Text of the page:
Reversing Dr Beeching's 1963 rail closures could be a real general election 2019 vote winner
PUBLISHED: 17:55 19 November 2019 | UPDATED: 17:55 19 November 2019
David Henshall says it may just be a piece of electioneering, but reopening closed railway lines could be a big vote winner
One of the great joys of the school holidays years ago was that, once the chores were out of the way, and in the summer we'd helped bring the harvest home, there were always idle moments to fill - something few of today's hi-tech bright teens seem to have, forever head down, tapping, receiving or filling the ether with their life stories.
Back then, we could put into practise the words of WH Davies' poem learned by practically every youngster: What is this life if full of care we have no time to stand and stare; No time to stand beneath the boughs; And stare as long as sheep or cows.
Watching steam trains at work was always worth a gaze because in those days every station, however small, had its own little marshalling yard, carefully calculated stretches of rail where trains could offload wagons containing goods and merchandise for local dealers. This was how coal merchants got their supplies.
Pulham Market was one of the dozen little stations on the Waveney Valley line running between Tivetshall on the main Norwich-London route and Beccles where it linked to the Lowestoft line to Ipswich. It was a single track with passing points at Harleston and Bungay and each of the tiny halts had a spare line to off-load goods, as did almost every station across Britain.
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It was a treat for kids to find a comfy fence and watch as one or two men, working tightly with the loco and using a long wooden shoe to slow or arrest the released wagons, separated a couple of trucks from the main body of the goods train. This elementary entertainment came to an end in 1963 with Dr Beeching's report, The Reshaping of British Railways.
At a stroke he killed off 2,363 stations and 5,00 miles of track. There were protests all over the place and, here and there, somebody saved a station or a bit of line but in the end the doctor's orders were carried out. There was clearly a need to trim the railway system which, like the rest of the country was suffering from the strains of the 1930s depression and the bankruptcy of war. Millions of pounds the country hadn't got at the time were needed to update its creaking infrastructure and locomotives.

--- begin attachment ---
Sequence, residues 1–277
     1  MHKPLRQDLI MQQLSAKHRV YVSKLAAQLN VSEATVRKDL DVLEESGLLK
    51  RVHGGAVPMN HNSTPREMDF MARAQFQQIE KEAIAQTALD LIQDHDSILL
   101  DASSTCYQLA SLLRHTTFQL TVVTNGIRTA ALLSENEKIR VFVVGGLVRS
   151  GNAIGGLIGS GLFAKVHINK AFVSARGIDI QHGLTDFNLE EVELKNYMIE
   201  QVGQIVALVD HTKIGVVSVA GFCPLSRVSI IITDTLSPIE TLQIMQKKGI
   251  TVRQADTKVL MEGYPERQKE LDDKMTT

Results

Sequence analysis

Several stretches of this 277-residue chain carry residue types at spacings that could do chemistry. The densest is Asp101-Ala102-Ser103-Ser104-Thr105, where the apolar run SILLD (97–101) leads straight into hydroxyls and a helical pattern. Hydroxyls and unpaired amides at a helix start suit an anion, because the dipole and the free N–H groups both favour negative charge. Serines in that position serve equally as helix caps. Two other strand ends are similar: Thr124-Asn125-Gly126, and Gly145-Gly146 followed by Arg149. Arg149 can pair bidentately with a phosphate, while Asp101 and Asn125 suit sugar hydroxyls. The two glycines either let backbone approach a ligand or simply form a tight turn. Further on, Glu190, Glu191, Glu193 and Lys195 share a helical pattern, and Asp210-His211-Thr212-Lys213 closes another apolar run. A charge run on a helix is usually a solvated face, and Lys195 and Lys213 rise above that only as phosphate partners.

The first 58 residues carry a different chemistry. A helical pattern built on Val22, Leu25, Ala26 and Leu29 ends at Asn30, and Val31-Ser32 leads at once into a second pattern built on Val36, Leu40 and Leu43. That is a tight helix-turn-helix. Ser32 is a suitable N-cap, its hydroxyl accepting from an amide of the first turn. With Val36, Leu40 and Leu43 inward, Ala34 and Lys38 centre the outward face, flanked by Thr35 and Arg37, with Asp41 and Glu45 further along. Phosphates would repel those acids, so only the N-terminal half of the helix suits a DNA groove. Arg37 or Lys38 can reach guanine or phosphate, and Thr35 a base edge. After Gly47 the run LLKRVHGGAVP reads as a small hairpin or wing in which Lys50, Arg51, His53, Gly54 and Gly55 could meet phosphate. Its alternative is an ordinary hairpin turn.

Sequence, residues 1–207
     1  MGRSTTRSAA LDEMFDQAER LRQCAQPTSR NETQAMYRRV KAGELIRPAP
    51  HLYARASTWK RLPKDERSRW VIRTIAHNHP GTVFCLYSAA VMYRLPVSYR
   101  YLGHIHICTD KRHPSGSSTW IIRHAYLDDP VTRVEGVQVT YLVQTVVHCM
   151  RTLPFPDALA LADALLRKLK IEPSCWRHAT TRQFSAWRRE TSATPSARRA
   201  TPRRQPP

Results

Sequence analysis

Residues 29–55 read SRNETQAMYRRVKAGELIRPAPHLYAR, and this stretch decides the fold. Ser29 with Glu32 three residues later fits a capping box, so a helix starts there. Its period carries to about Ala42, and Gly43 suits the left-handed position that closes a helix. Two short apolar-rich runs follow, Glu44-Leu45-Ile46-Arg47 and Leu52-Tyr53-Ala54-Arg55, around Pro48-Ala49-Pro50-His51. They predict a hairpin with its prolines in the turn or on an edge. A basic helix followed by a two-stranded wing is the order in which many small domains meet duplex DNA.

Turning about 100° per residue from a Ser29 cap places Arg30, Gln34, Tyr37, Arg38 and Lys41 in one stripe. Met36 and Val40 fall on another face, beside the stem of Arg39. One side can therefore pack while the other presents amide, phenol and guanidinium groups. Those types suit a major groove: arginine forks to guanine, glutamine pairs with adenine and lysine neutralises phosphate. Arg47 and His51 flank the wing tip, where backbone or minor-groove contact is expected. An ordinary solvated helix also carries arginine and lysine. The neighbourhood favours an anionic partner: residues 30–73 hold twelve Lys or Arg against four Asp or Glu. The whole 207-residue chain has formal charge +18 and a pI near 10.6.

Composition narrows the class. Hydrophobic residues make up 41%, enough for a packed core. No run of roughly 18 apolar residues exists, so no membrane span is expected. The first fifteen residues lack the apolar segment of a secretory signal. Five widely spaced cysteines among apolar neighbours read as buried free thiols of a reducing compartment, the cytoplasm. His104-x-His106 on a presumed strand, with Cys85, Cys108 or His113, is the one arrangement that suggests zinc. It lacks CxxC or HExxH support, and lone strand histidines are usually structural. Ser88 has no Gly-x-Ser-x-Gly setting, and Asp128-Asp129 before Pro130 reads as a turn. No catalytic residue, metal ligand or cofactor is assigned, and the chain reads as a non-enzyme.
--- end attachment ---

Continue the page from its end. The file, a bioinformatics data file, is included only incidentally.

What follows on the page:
But I do recall a few wise heads at the time asking that not every BR building should be smashed to the ground and not every sleeper ripped up because, they said, there might come a time in the future when we wanted to run more trains, not fewer. Well, maybe that time is coming. The Tories say they are going to reverse Beeching and reinstate local rail lines as part of a package of measures to rejuvenate provincial towns.
It's a brilliant idea and one that will find favour with most people but we should also bear in mind that there's a general election coming up and the various parties, in perhaps the most uncertain poll of all time, are anxious to grab our attention with attractive promises that might persuade us to vote for them.
On the other hand, this is one pledge that makes a lot of sense, taking cars and lorries of the roads and helping clear the airways with electric trains, perhaps kids will again see trains unloading containers at lots of places the way the steam-driven goods trains did their stuff 100 years ago.
It will happen because it's got if the nation is not going to seize up solid with traffic jams, but it will take a lot more loot than the £500 the government says it has earmarked for a start. You only have to weight up the billions that are disappearing into the new high speed rail heading north out of London to form a picture of how much it would cost to reverse even a small part of the incredible rail system that Dr Beeching wiped out with a stroke of his pen.